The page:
B N Sircar was the Patriarch, the disciplinarian, who held them together like in a big family. NT had a veritable galaxy and clashes between the Titans were inevitable. NT had its own share of fallouts, peer rivalries, squabbles and scandals. Due to the stern and uncompromising nature of B N Sircar, the first to leave was Pramathesh Barua, then Nitin Bose, and Kanan Devi. There was that famous spat between Debki Bose and Nitin Bose on the sets of Meerabai-1933 itself and they stopped talking to each other. Add to this the heavy drinking of Saigal and Umashashi’s elopement with the heir of Shova bazar palace. Each of these has an independent story.

The political situation in Bengal after the WWII, i.e. 1945 also caused the journey of NT towards its downfall and eventual closure in 1956. If only B N Sircar had changed his attitude, NT would not have died so soon, at least not without a fight and not so tamely, in the face of the competition. The biggest bank of Bengal, which financed NT- The National bank also went into liquidation at the same time to add to their woes further.

Personally, I would not hold B N Sircar alone responsible for the decline of NT, which was Hindi cinema from Bengal itself in reality. Another very important factor was,while many stalwarts like Saigal, Prithviraj Kapoor, Kidar Sharma, R C Boral, etc made a beeline for Bombay, Hindi cinema music in Calcutta remained the same, where it was in 1931,without any change. On the other hand, Bombay had enriched its music by adapting to the changing times with a mix of music from Goa, Maharashtra, Gujarat, Rajasthan, UP, Himachal Pradesh, Punjab, Lahore and the south. The music of the 40s in Bombay had become Vibrant, whereas there was no change whatsoever in Bengal Hindi music. It kept on hankering on Robindra Sangeet and Nazrul Geeti. Maybe, the extreme variety of Regional pride of Bengal came in the way of adopting and adapting to the changes. (This Pride has, even Today, kept Bengal much behind the rest of India.) Thus Bombay became the undisputed capital of Hindi Cinema and Music.

New Theatres was established in 1931,as a family business, with B.N. Sircar as the Managing Director. Once NT started growing, the local regional pride almost forced Madan Theatres-belonging to a Parsee family from the western India-to pack up. By 1938,Madan Theatres had produced over 154 films-silent and Talkie. They made their last Talkie, ” Khatarnak Aurat”-1938 and the company closed down.

New Theatres had the Best actors, best Directors, Best composers and the very best Technical staff in India. They had 4 distinct strengths….

1. Right from the beginning, Bengal had an edge over Bombay and Lahore etc in that the Educated and Respectable family members did not hesitate to join the Film Industry in Bengal. In fact, over 90% of its people were educated-some of them even Foreign educated too. In this ,Bengal was very Progressive. On the contrary, the western centres of film making were confined to Courtesans, Tawayafs and uneducated run-aways in its film industry.

2. NT or the Bengali film industry had a very wide market spread out over the entire West and East Bengal, Bihar, orissa, Assam, the N-E states and Burma. Their Distribution network included Madras,Madurai,Erode,Trichannapally,Bangalore,Mysore,Poona,Bombay,Cawnpore(Kanpur),Kangra valley and Lahore circuits.

3.People who worked for NT were like a united family. Feelings of Goodwill and Happiness permeated the studio. Workers came in the morning and worked till it was finished. Discipline and adherence to deadlines and principles regulated their lives. projects were, therefore, completed always as planned and in time.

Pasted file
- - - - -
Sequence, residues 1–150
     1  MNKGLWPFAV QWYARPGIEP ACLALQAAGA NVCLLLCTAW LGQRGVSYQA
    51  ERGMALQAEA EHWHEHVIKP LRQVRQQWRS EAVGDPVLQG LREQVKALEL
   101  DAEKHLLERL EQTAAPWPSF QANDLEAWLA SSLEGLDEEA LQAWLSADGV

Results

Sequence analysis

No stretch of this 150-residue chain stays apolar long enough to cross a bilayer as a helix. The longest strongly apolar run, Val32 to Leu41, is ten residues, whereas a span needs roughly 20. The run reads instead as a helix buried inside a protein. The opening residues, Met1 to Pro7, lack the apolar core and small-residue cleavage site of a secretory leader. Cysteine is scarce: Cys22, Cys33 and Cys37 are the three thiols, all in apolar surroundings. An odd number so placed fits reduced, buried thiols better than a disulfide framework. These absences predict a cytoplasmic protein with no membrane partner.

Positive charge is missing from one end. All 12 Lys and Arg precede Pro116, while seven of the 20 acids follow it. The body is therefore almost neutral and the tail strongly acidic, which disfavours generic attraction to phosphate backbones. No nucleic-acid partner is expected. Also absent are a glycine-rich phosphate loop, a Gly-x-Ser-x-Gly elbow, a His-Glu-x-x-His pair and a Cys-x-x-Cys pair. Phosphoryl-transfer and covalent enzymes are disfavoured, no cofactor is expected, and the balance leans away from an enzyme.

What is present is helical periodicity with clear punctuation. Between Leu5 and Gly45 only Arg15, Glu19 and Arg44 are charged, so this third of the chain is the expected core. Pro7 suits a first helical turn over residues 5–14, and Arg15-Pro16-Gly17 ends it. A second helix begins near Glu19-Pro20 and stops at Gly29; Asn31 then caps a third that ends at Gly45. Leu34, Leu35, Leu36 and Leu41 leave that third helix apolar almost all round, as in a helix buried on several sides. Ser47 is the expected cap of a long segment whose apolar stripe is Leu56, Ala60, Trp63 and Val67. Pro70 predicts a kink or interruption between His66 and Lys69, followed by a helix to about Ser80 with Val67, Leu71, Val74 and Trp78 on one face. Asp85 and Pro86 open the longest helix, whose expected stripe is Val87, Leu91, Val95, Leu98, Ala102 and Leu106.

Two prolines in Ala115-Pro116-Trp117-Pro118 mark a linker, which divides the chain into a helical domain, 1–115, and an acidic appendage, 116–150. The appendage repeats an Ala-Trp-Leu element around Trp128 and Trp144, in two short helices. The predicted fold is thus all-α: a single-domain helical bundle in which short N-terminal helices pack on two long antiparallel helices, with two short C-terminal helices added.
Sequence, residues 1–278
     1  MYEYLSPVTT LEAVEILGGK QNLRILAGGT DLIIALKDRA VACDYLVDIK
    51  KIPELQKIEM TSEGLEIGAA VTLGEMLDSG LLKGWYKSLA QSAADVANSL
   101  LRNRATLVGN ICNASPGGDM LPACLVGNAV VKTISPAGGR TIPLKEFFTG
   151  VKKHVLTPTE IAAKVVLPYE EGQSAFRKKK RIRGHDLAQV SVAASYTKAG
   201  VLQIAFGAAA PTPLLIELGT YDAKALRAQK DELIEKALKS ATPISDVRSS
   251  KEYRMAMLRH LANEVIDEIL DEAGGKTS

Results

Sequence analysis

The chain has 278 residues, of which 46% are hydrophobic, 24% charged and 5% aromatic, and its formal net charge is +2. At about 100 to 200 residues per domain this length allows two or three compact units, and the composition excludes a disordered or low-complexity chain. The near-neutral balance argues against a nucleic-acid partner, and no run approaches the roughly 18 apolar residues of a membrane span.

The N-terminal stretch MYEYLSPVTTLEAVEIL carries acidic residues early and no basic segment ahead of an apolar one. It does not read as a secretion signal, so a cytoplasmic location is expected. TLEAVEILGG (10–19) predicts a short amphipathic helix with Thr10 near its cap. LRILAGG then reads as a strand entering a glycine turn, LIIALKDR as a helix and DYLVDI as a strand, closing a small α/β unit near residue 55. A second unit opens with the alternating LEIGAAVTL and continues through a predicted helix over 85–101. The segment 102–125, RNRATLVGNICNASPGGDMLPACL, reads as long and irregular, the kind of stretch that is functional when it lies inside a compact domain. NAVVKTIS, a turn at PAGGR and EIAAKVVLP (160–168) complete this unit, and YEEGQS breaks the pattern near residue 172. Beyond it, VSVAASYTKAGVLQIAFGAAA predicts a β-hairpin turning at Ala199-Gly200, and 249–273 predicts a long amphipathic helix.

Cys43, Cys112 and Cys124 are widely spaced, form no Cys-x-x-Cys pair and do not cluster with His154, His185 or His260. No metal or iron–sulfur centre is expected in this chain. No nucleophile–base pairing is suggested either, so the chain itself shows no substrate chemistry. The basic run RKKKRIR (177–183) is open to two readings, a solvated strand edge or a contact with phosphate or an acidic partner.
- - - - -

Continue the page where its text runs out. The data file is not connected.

( Only Madras of the 40s and 50s came near this. Bombay and Lahore were exactly the opposite, where discipline and punctuality were never a Virtue (Tradition continues…)

4. Almost all films made in Bengal by NT or any other company, were based on either stories or dramas or Novels, by renowned authors from the East(read Bengal). Thus, the film’s story content was so solid that they did not need appendages of comedians or a CSP (comic side plot) or too many songs.
( IN other parts like Bombay and Lahore, studios had what was called “The Story Departments”, consisting of 4-5 writers, the owners, directors, who would work up a story in unison !)

NT popularised a new brand of Music.i.e. Rabindra Sangeet, which was hitherto confined to only Shantiniketan. With all this in place,NT was on its peak in 1940,when their slide started. One of their pillars P.C.Barua left NT. This was the beginning. Debki Bose left. Nitin Bose left after completing ‘Kashinath’ in 1943. Kanan Devi left to join Barua and Uma Shashi eloped with her lover.
Pankaj Mallick, though unhappy over the treatment meted out to him in NT, did not leave till the end. He did Bombay film music at Calcutta-like Kasturi or Zalzala etc. He always considered NT as his Alma Mater.
The ongoing II world war, the communal riots of 1946.the Partition of 1947 and the deteriorating civil conditions of Bengal (specially Calcutta),due to the influx of Refugees, broke NT completely. The Govt. had regulated supply of Raw Film, East Bengal market was lost totally, artistes left for Dhaka or Bombay…all this took NT to its end rapidly.

In such worsening conditions in 1944/45,Sircar tried to mend things by replacing the II and III level artistes to fill up gaps left by departed people. Thus, Bimal Roy, who was a Cinematographer and an Editor, got an opportunity to sit in the Director’s Chair. They made an ambitious film ” Udayer Pathe” -44. A Hindi version was made as ‘ Hamraahi”-45. It was Bimal Roy’s First brush with a Hindi Film Direction. Both versions were successful. But with major things remaining the same for years, without any changes, the house of New Theatres became a dilapidated, colourless, tattered big empty Palace. It’s sad to write about the fall of an Empire- a Giant !
(Article is based on information from “The glory that was New Theatres” by Sharmishtha Gooptu, ” सुंदर ती दुसरी दुनिया ” a Marathi book by Ambarish Mishra, The Encyclopedia of Indian Cinema, with thanks, along with my old writings and my notes.)

Today we will know for the first time more about an artiste who was with NT from almost the beginning. The name is strange and uncommon-NEMO.